Last month, after Gary Barnett was fired, Hankwitz became Colorado’s interim head coach, leading the Buffaloes in the Champs Sports Bowl in Orlando.
Orlando was also Wisconsin’s postseason venue, and the Badgers and Buffaloes ended up staying at same hotel. That proved to be a fruitful arrangement for Hankwitz.
“I was hoping to see (Bielema) down there,” Hankwitz said. “I tried to make contact with him. But I was hoping I’d just run into him so I could just express interest. And I was able to do that.”
Hankwitz and Bielema spoke only briefly in Orlando, but Bielema told Hankwitz he would like to talk to him further during last week’s American Football Coaches Association convention in Dallas.
“So we talked at the coaches convention and have talked since then,” Hankwitz said. “And then kind of finalized it today.”
Hankwitz has known Bielema since 1995. Back then Bielema was an assistant at Iowa, working with linebackers, and Hankwitz was the defensive coordinator and inside linebackers coach at Kansas. Bielema visited Kansas to talk shop.
“We exchanged information, I showed him how we did things,” Hankwitz said. “And then kind of followed his career. And then I would see him at the coaches’ conventions. And we’d exchange some ideas. Just always knew where he was at…
“And then he came to coach in the Big 12 at Kansas State. Coached against him, so we could see first hand what they were doing and you knew what he was doing. So I was excited to get a chance to talk to him (about the opening at Wisconsin).”
Doeren summed up his defensive philosophy succinctly: “Creating turnovers, stop the run, pressure the quarterback.”
Hankwitz was more elaborate, but expressed similar sentiments: “We’re going to execute what we teach and be a tough team that stops the run, but we’re going to be disruptive… A lot of ways to do that. You can do that with four-man rushes. You can do it with zone blitzes. You can do it with man blitzes. We’ll have a blend of that as we get to know our personnel a little better.”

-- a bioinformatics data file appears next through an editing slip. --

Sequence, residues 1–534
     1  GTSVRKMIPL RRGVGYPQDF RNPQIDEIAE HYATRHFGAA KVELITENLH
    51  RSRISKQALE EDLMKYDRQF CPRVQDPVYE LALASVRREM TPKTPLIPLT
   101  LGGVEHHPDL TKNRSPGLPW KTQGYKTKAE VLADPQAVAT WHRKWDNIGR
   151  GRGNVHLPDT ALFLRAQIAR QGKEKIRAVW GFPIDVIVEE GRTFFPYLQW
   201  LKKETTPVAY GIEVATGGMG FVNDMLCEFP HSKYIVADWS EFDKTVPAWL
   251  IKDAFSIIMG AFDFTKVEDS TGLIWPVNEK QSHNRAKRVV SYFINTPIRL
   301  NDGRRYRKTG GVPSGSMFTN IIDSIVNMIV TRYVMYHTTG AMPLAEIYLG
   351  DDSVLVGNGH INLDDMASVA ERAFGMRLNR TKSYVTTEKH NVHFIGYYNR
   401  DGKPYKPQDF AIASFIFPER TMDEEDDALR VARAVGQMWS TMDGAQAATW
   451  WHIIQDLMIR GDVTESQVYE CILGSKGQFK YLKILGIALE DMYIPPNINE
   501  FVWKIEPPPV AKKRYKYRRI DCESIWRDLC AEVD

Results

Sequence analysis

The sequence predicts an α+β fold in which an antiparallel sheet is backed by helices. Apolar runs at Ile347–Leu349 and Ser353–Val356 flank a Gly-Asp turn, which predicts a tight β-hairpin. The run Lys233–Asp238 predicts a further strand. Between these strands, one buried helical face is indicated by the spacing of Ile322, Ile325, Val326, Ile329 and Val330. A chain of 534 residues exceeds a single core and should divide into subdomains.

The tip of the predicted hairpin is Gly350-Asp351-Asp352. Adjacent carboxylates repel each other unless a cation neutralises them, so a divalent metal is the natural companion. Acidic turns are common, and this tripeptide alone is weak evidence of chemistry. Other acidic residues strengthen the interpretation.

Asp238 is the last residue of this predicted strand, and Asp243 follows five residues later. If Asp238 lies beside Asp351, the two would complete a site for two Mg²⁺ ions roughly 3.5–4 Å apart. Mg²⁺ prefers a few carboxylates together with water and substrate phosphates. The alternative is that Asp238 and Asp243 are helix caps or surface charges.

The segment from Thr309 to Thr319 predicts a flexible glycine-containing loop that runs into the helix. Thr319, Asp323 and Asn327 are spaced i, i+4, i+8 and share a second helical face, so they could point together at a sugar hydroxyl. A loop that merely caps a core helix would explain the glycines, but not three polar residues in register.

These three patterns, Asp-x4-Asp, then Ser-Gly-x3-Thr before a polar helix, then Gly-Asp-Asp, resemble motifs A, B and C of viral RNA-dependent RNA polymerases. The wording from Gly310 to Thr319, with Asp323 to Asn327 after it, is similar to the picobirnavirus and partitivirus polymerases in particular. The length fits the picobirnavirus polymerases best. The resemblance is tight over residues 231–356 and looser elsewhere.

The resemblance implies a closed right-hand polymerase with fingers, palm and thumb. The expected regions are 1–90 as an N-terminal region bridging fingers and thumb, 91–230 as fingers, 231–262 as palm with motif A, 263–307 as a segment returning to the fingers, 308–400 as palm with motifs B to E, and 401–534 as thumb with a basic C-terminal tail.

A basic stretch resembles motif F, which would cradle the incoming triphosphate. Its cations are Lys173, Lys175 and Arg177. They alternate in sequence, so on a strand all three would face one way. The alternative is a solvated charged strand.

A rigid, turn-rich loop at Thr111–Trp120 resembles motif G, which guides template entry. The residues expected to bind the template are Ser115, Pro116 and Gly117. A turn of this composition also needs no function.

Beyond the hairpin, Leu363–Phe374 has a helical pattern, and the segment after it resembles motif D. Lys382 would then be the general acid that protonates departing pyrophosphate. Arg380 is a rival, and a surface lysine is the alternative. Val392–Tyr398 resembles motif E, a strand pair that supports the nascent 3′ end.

Teaching individual responsibilities in a zone-blitz package is one example of how the UW defense can benefit from not having Hankwitz tied down as a position coach. He could, for instance, he said, work with a defensive end on zone coverage responsibility, then work with the strong-side linebackers on a specific skill set. The idea being that Hankwitz’s flexibility would maximize the Badgers’ coaching efficiency.
“I’ve coached positions and coordinated most of the time,” Hankwitz said. “But I’ve also had the luxury of walking around at a few places. It was certainly a benefit to be able to do that.”
Mike Hankwitz file
Colorado (2004-05) defensive coordinator and outside linebackers coach. Interim head coach for 2005 Champs Sports Bowl.
Arizona (2003) defensive coordinator. Interim head coach for final eight games.
Texas A&M (1997-2002) defensive coordinator and outside linebackers coach (also coached inside linebackers and punters).
Kansas (1995-96) defensive coordinator and inside linebackers coach.
Colorado (1985-94) defensive coordinator. Also coached outside linebackers, inside linebackers, secondary, punters and punt team.
Western Michigan (1982-84) defensive coordinator. Also worked with secondary, punters, punt team, punt return and punt rush.
Purdue (1977-81) outside linebackers and punting coach.
Arizona (1973-76) outside linebackers and secondary coach. Also coached punt return and punt rush.
Michigan (1970-72) defensive graduate assistant at Michigan.